This was supposed to be posted last week, but due to a technical issue, it didn’t happen. It’s not raining today, but the black flies are definitely out in force!
As I sit here watching the rain and anticipating black fly season, it prompts me to wonder about how other cultures perceive seasons. This is what I learned.
Long ago, the Japanese adopted a more segmented recognition of seasons. They specify 24 divisions, with a further categorization of 72 subdivisions! The seasonal divisions start during our calendar month of February with the Beginning of Spring, followed by Rainwater, and then Insects Awakening. The cycle ends in January with Winter Solstice, Lesser Cold, and then finally Greater Cold.
Examples of the subdivisions include Fish Emerging from the Ice which occurs in February and Earth is Damp, Air is Humid, at the end of July and the first few days of August.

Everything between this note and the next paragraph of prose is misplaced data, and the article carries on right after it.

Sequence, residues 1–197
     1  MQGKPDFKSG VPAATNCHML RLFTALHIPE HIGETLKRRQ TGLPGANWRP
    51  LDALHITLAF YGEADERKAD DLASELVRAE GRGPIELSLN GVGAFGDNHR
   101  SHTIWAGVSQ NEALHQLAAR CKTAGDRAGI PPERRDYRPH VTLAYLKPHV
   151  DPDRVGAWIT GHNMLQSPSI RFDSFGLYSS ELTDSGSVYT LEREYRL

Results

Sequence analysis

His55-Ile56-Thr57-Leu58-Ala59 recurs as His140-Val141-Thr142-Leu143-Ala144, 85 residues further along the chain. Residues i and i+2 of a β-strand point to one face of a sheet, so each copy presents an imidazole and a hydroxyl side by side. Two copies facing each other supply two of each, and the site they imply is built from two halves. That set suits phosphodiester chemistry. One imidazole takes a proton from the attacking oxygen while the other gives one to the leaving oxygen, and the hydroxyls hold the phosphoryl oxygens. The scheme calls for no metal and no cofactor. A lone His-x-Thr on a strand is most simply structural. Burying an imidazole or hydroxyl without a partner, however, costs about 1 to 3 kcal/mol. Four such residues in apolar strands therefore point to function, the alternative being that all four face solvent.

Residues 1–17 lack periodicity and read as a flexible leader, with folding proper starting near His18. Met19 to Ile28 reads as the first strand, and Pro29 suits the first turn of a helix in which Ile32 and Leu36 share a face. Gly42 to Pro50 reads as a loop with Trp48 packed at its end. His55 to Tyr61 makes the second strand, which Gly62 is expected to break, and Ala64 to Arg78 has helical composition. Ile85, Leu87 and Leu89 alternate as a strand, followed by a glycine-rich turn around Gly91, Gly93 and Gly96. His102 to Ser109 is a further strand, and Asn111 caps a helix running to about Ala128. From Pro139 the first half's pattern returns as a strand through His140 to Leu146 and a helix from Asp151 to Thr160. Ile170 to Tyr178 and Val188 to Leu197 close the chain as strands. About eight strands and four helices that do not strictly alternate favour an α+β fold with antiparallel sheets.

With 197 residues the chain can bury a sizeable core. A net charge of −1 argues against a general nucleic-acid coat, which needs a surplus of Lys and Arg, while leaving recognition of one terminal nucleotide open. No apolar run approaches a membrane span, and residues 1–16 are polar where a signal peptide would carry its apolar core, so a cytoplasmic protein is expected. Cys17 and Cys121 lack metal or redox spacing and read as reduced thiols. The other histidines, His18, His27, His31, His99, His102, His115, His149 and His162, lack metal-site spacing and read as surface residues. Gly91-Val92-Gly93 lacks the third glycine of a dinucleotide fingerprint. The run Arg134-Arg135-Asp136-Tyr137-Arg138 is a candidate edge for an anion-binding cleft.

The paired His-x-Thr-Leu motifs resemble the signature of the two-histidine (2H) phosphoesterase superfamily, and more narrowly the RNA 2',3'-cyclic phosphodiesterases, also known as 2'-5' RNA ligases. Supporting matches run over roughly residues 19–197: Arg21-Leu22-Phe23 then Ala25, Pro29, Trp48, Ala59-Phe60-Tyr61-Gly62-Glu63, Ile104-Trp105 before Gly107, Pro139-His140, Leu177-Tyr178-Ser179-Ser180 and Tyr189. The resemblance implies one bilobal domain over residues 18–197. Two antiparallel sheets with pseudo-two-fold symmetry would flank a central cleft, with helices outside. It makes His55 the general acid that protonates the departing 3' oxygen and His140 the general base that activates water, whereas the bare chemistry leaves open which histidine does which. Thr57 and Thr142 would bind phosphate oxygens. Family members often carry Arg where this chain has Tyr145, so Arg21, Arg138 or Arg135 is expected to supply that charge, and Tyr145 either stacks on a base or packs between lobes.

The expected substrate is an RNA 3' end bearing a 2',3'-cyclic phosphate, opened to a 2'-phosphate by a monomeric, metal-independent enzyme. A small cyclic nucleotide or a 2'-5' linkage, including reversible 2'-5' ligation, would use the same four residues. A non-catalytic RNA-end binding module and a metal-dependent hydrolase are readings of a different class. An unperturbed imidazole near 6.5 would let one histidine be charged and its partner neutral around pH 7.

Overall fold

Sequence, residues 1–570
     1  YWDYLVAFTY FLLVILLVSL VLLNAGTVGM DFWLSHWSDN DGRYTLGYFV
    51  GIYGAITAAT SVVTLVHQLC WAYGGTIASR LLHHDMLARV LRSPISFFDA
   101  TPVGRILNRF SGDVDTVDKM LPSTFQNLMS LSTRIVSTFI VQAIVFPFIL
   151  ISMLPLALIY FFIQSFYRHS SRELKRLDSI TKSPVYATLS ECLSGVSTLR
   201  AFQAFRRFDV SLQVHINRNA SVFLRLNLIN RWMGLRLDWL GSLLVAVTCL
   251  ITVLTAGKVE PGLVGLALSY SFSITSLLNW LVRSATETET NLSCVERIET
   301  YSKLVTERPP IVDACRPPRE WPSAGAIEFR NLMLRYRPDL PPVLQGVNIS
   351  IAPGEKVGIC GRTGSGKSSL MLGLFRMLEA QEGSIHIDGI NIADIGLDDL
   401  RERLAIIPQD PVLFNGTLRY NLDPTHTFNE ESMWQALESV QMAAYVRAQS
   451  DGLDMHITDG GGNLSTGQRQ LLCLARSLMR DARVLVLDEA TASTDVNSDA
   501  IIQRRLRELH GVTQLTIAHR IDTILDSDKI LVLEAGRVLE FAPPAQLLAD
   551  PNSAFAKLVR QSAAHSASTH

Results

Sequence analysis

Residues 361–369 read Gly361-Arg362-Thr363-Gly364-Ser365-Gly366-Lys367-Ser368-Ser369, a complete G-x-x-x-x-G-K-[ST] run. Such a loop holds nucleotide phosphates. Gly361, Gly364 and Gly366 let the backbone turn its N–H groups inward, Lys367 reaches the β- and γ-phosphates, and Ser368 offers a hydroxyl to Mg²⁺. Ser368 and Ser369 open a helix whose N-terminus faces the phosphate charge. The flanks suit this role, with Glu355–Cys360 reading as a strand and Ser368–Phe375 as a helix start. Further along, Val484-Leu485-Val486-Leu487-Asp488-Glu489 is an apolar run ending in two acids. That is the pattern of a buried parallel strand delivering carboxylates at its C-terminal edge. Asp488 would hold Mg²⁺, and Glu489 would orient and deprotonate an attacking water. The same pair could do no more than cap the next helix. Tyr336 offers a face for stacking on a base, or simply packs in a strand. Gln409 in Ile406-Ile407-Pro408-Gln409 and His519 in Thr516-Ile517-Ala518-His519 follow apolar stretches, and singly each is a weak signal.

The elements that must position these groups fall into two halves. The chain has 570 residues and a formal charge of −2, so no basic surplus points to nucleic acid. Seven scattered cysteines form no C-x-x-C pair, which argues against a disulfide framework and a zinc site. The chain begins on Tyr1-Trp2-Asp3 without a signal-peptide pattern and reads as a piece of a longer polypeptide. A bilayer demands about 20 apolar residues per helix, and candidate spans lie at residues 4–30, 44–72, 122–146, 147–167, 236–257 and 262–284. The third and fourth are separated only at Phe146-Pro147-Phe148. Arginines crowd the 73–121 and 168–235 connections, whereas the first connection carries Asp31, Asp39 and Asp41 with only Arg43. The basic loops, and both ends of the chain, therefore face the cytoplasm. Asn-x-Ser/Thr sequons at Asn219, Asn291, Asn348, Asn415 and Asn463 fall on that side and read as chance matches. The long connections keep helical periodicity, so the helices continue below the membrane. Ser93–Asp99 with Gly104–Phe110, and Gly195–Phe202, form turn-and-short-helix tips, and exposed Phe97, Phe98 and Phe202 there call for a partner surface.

I appreciate the details included in the seasonal names. I also noticed that the Japanese did not have a particular black fly season.
Here in Maine, the black fly is loathed despite its tiny size. Belonging to the Simuliidae family, only the females of four of the approximately 40 resident black fly species feed on humans. The first group is only around during parts of May. There is a second group that emerges to feast sometime in mid-August and early September. Although these are pesky, they are a needed food source for other species.
Their presence also serves as a messenger about the quality of our local ecosystem. Black flies only breed in clean, running water, unlike mosquitos that prefer stagnant pools. They don’t tolerate pollution, including organic pollution. What this means is that those black flies are a sign of a healthy water environment.
Finally, they tend to be more active from 9-11 am and from 4-7 pm, especially when it is cloudy, humid, and likely to rain. They aren’t active at night. So, maybe I’ll take up some night photography this coming month and hang around indoors during most days.
Seasons in Japan — https://www.nippon.com/en/features/h00124/japan’s-72-microseasons.html